(Updated March 10, 2018) – Tallahassee, FL – For the past few weeks, legislators have been busy discussing school safety proposals and negotiating the state budget in an effort to wrap everything up before the end of the 2018 Legislative session.
Below highlights from HB 7055, a student-centered legislation that passed both the Senate and House and was signed by Governor Scott on March 11.
- Increases the number of times a high-performing charter school can replicate each year from one to two.
- Requires school boards to go before the state’s Division of Administrative Hearings before voting to close a charter school they authorize.
- Increases the amount of time a new charter school may defer its initial opening from two to three years — allowing time to find the right location or finalize construction.
- Requires school districts to make surplus tangible property available to charter schools on the same basis as other public schools in the district.
- Applications for a new charter school received in February can still open the coming fall.
- High performing status language has been updated: “Received at least two school grades of “A” and no school grade below “B,” pursuant to s. 1008.34, during each of the previous 3 school years or received at least two consecutive school grades of “A” in the most recent 2 school years.”
- Updated language for increased student enrollment at a high-performing charter school:
“A high-performing charter school is authorized to: Increase its student enrollment once per school year to more than the capacity identified in the charter, but student enrollment may not exceed the current facility capacity of the facility at the time the enrollment increase will take effect.”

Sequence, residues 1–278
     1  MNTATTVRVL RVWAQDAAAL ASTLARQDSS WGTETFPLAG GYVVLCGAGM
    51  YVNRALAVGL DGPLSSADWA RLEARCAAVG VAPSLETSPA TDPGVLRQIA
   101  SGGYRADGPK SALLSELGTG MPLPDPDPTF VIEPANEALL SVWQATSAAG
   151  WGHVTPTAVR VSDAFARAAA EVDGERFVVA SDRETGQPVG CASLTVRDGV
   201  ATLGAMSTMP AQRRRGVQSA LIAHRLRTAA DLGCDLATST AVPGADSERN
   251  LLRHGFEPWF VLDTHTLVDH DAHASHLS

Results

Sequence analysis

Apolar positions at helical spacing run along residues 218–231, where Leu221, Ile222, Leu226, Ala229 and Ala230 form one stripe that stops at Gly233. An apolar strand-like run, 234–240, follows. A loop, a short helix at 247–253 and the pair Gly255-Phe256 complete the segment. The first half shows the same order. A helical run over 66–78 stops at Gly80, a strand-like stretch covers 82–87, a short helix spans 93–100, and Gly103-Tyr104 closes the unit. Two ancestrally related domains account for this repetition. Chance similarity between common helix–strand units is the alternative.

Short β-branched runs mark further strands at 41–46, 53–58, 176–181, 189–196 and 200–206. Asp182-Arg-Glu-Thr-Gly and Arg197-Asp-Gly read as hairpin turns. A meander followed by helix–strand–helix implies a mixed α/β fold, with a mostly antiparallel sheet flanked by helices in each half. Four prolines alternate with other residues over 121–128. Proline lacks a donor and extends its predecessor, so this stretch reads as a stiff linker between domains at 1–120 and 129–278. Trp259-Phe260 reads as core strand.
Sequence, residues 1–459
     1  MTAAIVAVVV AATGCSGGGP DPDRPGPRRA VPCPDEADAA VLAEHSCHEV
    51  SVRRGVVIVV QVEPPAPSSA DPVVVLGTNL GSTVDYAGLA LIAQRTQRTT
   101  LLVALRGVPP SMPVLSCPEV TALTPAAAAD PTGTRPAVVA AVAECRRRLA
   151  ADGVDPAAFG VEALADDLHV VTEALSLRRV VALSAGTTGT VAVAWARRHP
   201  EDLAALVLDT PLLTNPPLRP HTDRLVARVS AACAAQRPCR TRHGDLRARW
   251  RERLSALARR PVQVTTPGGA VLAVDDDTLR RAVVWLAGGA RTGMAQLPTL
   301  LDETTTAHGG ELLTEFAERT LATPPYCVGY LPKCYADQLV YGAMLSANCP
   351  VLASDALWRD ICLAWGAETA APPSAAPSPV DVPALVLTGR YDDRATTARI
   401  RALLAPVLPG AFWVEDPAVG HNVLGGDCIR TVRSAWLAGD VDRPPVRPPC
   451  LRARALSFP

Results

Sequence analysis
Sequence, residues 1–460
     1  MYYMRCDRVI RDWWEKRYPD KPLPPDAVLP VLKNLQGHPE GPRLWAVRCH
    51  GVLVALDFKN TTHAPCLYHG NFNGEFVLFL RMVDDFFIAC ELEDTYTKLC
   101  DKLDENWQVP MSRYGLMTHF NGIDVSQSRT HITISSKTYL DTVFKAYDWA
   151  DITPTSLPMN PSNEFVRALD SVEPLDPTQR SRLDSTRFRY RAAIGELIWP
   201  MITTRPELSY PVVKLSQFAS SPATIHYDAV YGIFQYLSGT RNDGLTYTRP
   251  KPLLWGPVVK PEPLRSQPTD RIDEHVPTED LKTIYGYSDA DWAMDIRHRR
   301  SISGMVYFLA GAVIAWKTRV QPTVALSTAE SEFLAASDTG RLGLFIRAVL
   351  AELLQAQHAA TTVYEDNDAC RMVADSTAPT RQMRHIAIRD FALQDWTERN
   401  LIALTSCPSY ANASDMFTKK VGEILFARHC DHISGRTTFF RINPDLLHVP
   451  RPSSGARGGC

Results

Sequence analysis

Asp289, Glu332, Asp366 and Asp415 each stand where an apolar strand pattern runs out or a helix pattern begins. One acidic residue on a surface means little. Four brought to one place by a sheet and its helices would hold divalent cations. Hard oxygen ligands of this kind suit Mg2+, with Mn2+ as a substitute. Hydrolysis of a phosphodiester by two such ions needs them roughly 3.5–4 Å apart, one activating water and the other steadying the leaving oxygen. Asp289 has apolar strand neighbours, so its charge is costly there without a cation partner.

- Non-renewal or termination by a district must be based on clear and convincing evidence – including material violation of law.
- Language regarding the consolidation of multiple charters into a single charter has been added to charter school statute: “A charter school that is not subject to a school improvement plan and that closes as part of a consolidation shall be reported by the school district as a consolidation.”
- The initial term of a charter shall be for 5 years, excluding 2 planning years.
- Changes regarding Capital Outlay:
Beginning in 2018-19, districts will not have to share local millage funds – charter school capital outlay will come from a state allocation (The House is seeking a $120 million capital outlay allocation for charter schools).
If the $120 million capital outlay budget allocation is approved by the Senate and House, the first $500 per FTE of charter school facilities funding will come from the state (in the 2018-19 school year). This would eliminate the need for districts to share local mileage with the charter schools they authorize.
This allocation would equate to about $456 per student ($456 is about what a charter school in Miami-Dade County received this year as a combination of state and local mileage funds.
This $456 per student capital outlay allocation becomes the base capital outlay funding moving forward so charters must receive this amount per student plus CPI.
In 2019-20 and beyond, if the state does not fund charter school capital outlay at $456 + CPI per student, then the districts must provide the difference using local mileage.
“We want to thank the courageous leadership of both the Senate and House for putting students first, and protecting school choice in the state of Florida,” says Ralph Arza, FCSA’s Director of Governmental Affairs. “While maintaining transparency and accountability measures for charter schools, lawmakers were able to address inequities in per student funding and update rules to help charter schools better serve the families and more than 280,000 students that depend on them.”
Click here to read the full text of HB7055.